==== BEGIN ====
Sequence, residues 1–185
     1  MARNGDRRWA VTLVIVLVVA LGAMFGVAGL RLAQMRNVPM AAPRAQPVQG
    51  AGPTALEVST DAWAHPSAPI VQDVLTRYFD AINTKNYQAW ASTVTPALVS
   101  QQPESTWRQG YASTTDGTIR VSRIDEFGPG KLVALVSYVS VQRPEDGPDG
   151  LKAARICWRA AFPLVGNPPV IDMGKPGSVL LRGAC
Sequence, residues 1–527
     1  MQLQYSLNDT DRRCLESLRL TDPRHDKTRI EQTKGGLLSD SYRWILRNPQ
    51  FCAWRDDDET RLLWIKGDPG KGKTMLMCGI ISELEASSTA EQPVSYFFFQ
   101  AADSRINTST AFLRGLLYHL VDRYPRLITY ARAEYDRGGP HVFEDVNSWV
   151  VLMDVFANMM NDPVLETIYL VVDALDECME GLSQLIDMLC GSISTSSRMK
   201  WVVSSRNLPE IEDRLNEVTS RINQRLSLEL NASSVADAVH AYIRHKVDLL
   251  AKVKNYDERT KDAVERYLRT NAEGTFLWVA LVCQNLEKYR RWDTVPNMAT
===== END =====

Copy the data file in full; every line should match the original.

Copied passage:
Sequence, residues 1–185
     1  MARNGDRRWA VTLVIVLVVA LGAMFGVAGL RLAQMRNVPM AAPRAQPVQG
    51  AGPTALEVST DAWAHPSAPI VQDVLTRYFD AINTKNYQAW ASTVTPALVS
   101  QQPESTWRQG YASTTDGTIR VSRIDEFGPG KLVALVSYVS VQRPEDGPDG
   151  LKAARICWRA AFPLVGNPPV IDMGKPGSVL LRGAC
Sequence, residues 1–527
     1  MQLQYSLNDT DRRCLESLRL TDPRHDKTRI EQTKGGLLSD SYRWILRNPQ
    51  FCAWRDDDET RLLWIKGDPG KGKTMLMCGI ISELEASSTA EQPVSYFFFQ
   101  AADSRINTST AFLRGLLYHL VDRYPRLITY ARAEYDRGGP HVFEDVNSWV
   151  VLMDVFANMM NDPVLETIYL VVDALDECME GLSQLIDMLC GSISTSSRMK
   201  WVVSSRNLPE IEDRLNEVTS RINQRLSLEL NASSVADAVH AYIRHKVDLL
   251  AKVKNYDERT KDAVERYLRT NAEGTFLWVA LVCQNLEKYR RWDTVPNMAT